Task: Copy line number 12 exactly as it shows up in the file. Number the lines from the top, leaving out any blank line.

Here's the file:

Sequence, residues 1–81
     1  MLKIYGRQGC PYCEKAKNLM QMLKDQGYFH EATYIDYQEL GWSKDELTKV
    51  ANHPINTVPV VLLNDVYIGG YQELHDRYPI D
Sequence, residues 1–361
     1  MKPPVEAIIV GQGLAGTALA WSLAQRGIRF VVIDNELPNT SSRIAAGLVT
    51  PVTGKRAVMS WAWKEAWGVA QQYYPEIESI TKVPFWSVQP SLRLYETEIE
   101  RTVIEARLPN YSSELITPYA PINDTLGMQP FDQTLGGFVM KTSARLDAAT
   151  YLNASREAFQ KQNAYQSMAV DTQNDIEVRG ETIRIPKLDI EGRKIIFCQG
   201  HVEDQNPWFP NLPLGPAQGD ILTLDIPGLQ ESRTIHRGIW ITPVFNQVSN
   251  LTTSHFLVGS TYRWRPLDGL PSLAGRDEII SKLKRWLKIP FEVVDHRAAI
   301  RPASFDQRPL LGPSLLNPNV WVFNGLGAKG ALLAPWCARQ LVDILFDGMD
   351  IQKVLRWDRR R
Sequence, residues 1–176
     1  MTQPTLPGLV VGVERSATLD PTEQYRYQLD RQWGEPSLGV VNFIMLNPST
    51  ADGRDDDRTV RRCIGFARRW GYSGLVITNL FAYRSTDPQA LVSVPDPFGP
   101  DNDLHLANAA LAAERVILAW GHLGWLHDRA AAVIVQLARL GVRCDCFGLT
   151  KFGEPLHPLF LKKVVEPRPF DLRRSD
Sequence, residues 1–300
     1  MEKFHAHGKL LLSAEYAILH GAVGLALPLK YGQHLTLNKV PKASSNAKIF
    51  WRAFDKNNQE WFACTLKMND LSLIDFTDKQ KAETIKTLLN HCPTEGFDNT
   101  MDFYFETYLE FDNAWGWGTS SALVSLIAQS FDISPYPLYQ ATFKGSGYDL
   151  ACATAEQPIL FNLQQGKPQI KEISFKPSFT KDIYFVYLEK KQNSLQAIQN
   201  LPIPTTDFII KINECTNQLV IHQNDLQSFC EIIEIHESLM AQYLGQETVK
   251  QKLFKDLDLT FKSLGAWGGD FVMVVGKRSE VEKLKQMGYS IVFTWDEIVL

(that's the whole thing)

   351  IQKVLRWDRR R